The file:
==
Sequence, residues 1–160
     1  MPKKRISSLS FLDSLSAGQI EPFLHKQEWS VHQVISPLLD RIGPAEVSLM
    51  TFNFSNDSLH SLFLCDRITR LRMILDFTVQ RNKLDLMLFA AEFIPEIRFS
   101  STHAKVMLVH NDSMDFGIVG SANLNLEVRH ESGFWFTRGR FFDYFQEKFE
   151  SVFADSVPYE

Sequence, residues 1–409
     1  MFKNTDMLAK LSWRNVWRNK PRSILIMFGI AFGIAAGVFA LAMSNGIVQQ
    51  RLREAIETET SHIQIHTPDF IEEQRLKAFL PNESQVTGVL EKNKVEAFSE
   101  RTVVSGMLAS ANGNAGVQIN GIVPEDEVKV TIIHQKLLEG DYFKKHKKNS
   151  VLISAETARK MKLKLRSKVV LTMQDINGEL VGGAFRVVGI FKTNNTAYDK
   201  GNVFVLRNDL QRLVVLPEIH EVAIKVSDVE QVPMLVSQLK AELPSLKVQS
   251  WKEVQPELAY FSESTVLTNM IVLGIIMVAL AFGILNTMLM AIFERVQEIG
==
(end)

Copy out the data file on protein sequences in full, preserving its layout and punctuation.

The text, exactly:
Sequence, residues 1–160
     1  MPKKRISSLS FLDSLSAGQI EPFLHKQEWS VHQVISPLLD RIGPAEVSLM
    51  TFNFSNDSLH SLFLCDRITR LRMILDFTVQ RNKLDLMLFA AEFIPEIRFS
   101  STHAKVMLVH NDSMDFGIVG SANLNLEVRH ESGFWFTRGR FFDYFQEKFE
   151  SVFADSVPYE

Sequence, residues 1–409
     1  MFKNTDMLAK LSWRNVWRNK PRSILIMFGI AFGIAAGVFA LAMSNGIVQQ
    51  RLREAIETET SHIQIHTPDF IEEQRLKAFL PNESQVTGVL EKNKVEAFSE
   101  RTVVSGMLAS ANGNAGVQIN GIVPEDEVKV TIIHQKLLEG DYFKKHKKNS
   151  VLISAETARK MKLKLRSKVV LTMQDINGEL VGGAFRVVGI FKTNNTAYDK
   201  GNVFVLRNDL QRLVVLPEIH EVAIKVSDVE QVPMLVSQLK AELPSLKVQS
   251  WKEVQPELAY FSESTVLTNM IVLGIIMVAL AFGILNTMLM AIFERVQEIG